Delirium is a serious change in mental abilities. It results in confused thinking and a lack of awareness of
someone’s surroundings. The disorder usually comes on fast — within hours or a few days.
Delirium can often be traced to one or more factors. Factors may include a severe or long illness or an imbalance
in the body, such as low sodium. The disorder also may be caused by certain medicines, infection, surgery, or
alcohol or drug use or withdrawal.
Symptoms of delirium are sometimes confused with symptoms of dementia. Health care providers may rely on input
from a family member or caregiver to diagnose the disorder.
Symptoms of delirium usually begin over a few hours or a few days. They typically occur with a medical problem.
Symptoms often come and go during the day. There may be periods of no symptoms. Symptoms tend to be worse at
night when it’s dark and things look less familiar. They also tend to be worse in settings that aren’t familiar,
such as in a hospital.
Primary symptoms include the following:
Poor thinking skills:
Behavior and emotional changes:
Experts have identified three types:
Delirium and dementia may be hard to tell apart, and a person may have both. Someone with dementia has a gradual
decline of memory and other thinking skills due to damage or loss of brain cells. The most common cause of dementia
is Alzheimer’s disease, which comes on slowly over months or years.
Delirium often occurs in people with dementia. However, episodes of delirium don’t always mean a person has dementia.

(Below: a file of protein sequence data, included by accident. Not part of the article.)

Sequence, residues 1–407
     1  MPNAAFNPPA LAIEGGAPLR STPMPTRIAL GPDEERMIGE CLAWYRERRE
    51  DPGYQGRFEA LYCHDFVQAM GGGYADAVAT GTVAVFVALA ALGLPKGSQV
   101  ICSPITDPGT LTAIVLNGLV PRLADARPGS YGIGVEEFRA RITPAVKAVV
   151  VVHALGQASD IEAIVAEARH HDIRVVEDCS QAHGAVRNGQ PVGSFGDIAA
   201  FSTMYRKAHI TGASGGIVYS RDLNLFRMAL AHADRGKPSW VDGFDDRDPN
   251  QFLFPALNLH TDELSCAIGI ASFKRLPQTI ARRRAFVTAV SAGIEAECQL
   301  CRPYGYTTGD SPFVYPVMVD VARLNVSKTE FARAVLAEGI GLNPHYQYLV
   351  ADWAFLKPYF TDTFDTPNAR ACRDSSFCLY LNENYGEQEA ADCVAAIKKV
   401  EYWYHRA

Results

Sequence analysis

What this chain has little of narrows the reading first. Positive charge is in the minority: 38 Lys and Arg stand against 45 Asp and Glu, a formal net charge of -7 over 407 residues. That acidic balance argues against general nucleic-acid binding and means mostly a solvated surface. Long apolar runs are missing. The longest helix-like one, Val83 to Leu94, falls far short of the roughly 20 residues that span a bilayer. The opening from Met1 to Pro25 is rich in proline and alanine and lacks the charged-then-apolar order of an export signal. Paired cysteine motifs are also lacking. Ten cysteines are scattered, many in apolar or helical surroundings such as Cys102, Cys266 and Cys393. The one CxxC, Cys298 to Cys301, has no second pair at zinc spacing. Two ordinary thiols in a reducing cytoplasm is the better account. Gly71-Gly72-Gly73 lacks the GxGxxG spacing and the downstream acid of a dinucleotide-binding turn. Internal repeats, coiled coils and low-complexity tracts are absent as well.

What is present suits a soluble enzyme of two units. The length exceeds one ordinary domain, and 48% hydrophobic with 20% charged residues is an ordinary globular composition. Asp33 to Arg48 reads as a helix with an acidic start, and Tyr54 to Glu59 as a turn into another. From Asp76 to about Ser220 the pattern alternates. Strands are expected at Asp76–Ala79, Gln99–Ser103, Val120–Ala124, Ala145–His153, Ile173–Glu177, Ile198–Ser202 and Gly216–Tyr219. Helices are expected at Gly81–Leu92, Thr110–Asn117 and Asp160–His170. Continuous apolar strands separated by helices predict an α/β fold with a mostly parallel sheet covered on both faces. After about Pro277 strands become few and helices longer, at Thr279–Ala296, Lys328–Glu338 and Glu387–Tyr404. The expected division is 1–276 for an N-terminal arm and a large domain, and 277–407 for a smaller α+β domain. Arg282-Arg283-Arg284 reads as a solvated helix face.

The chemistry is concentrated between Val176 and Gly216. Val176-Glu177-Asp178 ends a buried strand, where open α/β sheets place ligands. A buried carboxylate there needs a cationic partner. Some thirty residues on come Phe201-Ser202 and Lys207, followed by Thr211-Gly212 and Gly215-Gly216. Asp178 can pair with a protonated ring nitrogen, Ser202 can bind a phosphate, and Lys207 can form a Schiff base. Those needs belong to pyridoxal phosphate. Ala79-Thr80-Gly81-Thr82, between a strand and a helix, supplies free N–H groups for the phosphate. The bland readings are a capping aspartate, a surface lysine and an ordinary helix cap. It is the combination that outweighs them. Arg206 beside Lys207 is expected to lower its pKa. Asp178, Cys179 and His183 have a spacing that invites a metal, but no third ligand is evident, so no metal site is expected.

Tests for dementia shouldn’t be done during a delirium episode because the results could be misleading.
Some differences between the symptoms of delirium and dementia include:
If a relative, friend or someone in your care shows symptoms of delirium, talk to the person’s health care provider.
Your input about symptoms, typical thinking, and usual abilities will be important for a diagnosis. It also can help
the provider find the cause of the disorder.
If you notice symptoms in someone in the hospital or nursing home, report your concerns to the nursing staff or health
care provider. The symptoms may not have been observed. Older people who are in the hospital or are living in a
long-term care center are at risk of delirium.
Delirium occurs when signals in the brain aren’t sent and received properly.
The disorder may have a single cause or more than one cause. For example, a medical condition combined with the side
effects of a medicine could cause delirium. Sometimes no cause can be found. Possible causes include:
Some medicines taken alone or taken in combination can trigger delirium. These include medicines that treat:
Any condition that results in a hospital stay increases the risk of delirium. This is mostly true when someone is
recovering from surgery or is put in intensive care. Delirium is more common in older adults and in people who live
in nursing homes.
Examples of other conditions that may increase the risk of delirium include:
Delirium may last only a few hours or as long as several weeks or months. If the causes are addressed, the recovery
time is often shorter.
Recovery depends to some extent on the health and mental status before symptoms began. People with dementia, for